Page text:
Mental Health Post Sepsis | By Aaron Holmes – Sepsis Survivor

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Mental Health Post Sepsis | By Aaron Holmes – Sepsis Survivor

Hello there, fellow survivor. You’ve had a brush with death, you’ve stared it in the eye and said “Not today, bucko!”
Or have you?
Surviving Sepsis
I make no apologies for what I’m going to say here. “Mental Health” is a dirty phrase in Northern Ireland. Mention mental health, and you can guarantee someone will have a bad taste joke about Holywell/Purdysburn/Knockbracken/Gransha (depending on your location in NI).
There’s a stigma attached to it, when there really shouldn’t be. Mental illness is seen by many as someone sitting rocking in a corner crying. This couldn’t be further from the truth.
Now, let’s get down to brass tacks. You, as a sepsis survivor, have been through an incredibly traumatic event. I can only speak from my own experience here as everyone differs. My experience is compounded by the fact that prior to my sepsis, I was already diagnosed with depression, post traumatic stress disorder and anxiety.
I’m being very careful, in writing this, to separate that from what I consider to be sepsis specific mental health issues.
Discharge From Hospital
So, you’ve been discharged from hospital. You’re home, and you’ve been to see your GP and give them your discharge notes. You’ve maybe spent up to a month in hospital, possibly more.
Here’s the first thing that will hit you. The simplest thing will exhaust you, physically and mentally. It doesn’t matter how fit you were before the sepsis. It doesn’t matter how compos mentis you were. You will be shattered. You will be confused.
Welcome to the sepsis brain fog.
You’ll set things down and lose them for hours because you can’t remember where you put them. You won’t be able to concentrate on things. You will cry for no reason. You will cry in frustration. You’ll cry and forget why you’re crying.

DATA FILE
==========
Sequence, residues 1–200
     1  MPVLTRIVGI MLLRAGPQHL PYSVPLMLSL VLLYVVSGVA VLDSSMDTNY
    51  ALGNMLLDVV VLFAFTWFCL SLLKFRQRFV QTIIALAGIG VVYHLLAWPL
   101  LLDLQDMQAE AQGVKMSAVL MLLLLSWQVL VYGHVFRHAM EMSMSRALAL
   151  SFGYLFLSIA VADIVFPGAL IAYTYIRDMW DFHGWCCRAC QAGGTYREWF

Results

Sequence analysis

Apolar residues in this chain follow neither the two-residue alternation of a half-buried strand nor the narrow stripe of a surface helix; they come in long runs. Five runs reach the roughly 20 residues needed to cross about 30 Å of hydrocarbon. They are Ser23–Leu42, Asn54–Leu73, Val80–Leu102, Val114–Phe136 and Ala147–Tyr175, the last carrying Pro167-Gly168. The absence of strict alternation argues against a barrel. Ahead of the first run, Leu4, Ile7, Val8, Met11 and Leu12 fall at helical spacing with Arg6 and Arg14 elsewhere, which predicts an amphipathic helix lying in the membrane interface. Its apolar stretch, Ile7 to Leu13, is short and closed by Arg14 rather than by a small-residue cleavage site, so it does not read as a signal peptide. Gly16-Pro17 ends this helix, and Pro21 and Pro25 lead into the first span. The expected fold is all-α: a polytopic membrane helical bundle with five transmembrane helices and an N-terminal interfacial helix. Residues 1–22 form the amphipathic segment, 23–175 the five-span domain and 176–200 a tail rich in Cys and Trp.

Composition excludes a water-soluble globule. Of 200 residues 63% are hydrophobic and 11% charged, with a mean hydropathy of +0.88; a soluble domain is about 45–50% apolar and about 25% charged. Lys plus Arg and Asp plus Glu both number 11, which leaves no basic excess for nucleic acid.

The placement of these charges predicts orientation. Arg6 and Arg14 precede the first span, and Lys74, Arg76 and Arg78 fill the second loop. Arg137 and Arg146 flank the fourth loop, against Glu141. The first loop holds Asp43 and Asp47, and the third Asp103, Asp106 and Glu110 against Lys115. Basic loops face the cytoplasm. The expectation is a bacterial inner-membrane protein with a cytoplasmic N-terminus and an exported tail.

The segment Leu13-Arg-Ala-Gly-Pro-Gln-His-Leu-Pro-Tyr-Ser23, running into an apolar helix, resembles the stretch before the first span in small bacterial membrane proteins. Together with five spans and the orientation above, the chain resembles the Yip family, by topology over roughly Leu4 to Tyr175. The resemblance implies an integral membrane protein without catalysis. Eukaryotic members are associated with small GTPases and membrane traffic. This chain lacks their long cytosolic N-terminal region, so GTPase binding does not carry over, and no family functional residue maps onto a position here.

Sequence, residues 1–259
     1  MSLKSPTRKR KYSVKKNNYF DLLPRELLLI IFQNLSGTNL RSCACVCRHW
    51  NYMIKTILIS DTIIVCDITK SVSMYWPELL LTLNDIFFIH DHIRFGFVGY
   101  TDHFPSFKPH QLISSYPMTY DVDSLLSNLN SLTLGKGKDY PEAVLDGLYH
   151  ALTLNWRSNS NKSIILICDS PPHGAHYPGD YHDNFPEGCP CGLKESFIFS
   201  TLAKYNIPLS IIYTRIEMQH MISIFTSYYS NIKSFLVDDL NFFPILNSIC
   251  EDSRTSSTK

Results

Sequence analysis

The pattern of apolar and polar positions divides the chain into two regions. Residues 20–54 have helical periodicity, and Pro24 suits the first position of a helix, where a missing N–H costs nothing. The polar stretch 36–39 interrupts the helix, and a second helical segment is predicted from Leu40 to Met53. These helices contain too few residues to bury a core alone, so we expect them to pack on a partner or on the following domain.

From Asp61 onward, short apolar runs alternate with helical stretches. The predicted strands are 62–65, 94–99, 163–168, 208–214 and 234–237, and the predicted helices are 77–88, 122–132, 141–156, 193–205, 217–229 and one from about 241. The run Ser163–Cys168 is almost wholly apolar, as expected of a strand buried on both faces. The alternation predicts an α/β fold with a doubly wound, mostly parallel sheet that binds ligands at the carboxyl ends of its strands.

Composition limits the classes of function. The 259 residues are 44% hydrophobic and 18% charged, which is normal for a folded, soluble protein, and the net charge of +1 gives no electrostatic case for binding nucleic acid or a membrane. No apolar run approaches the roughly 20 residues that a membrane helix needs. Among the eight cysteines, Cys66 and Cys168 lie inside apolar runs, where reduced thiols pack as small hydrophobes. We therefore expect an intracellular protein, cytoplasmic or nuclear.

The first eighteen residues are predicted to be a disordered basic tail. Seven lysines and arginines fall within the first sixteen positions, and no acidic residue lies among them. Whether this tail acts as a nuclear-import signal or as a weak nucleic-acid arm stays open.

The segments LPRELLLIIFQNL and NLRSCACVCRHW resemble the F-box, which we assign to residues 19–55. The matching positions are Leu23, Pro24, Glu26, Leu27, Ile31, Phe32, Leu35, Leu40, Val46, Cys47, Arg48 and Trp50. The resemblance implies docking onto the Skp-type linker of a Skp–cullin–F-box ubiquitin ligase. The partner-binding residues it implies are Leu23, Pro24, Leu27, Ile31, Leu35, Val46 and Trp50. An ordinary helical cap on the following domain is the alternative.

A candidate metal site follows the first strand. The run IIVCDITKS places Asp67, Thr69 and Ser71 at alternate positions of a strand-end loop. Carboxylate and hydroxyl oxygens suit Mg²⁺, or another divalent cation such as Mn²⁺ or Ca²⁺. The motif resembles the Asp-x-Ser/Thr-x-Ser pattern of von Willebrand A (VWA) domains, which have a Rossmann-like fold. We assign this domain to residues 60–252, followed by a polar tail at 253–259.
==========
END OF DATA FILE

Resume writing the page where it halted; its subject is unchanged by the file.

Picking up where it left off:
So what can we do to help with this? Lists. Lists become your friend. Write everything down. Bullet journalling is great to help plan your post sepsis life. Keep post-its everywhere in the house.
Depression will most likely hit you without you realising it. There are so many symptoms that it’s hard to list them all. It’s very hard to recognise them in yourself too. I did a program called ASIST (Applied Suicide Intervention Skills Training) and considered myself pretty good at picking up the signs of depression in others.
I didn’t pick them up in myself.
This is where it’s important to have family, friends, your own doctor, anyone who can pick up on that change in demeanor. If they do mention to you about depression, remember it is nothing to be ashamed of.
Talk to them about how you’re feeling. If you feel low, say so. If you have thoughts of suicide, for the love of all that is holy say something.
Do not suffer in silence like I did. 
You’ll find your relationships with people may change. People you once considered your best friend, maybe now you can’t stand them.
You may feel like no one understands what you’ve been through. That is mostly true. People don’t understand. It’s a hugely traumatic event.
You may develop a fear of infection. This is normal. 
You’ve probably noticed a theme here. Talk. For f**k sake talk about how you’re feeling.
If someone asks how you are, don’t say “I’m ok” if you aren’t. Tell them you aren’t ok.
Supporting Others
There are people out there who KNOW what you’ve been through.
We are here for you.
I went through my sepsis and recovery alone for the best part of it. I will not see anyone else have to do that.
I’m here for you. I am here to listen non-judgementally.
If I can offer advice I will. 
Once again, there’s no shame in not being ok. You are stronger than sepsis, though. You are so much more than that.
The road to recovery is a long one.
Take your time to travel it. Stop occasionally and look around, take stock of what is happening, and talk about things. 
By Aaron Holmes
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#mentalhealth #depression #itsgoodtotalk #postsepsis #sepsisvitality

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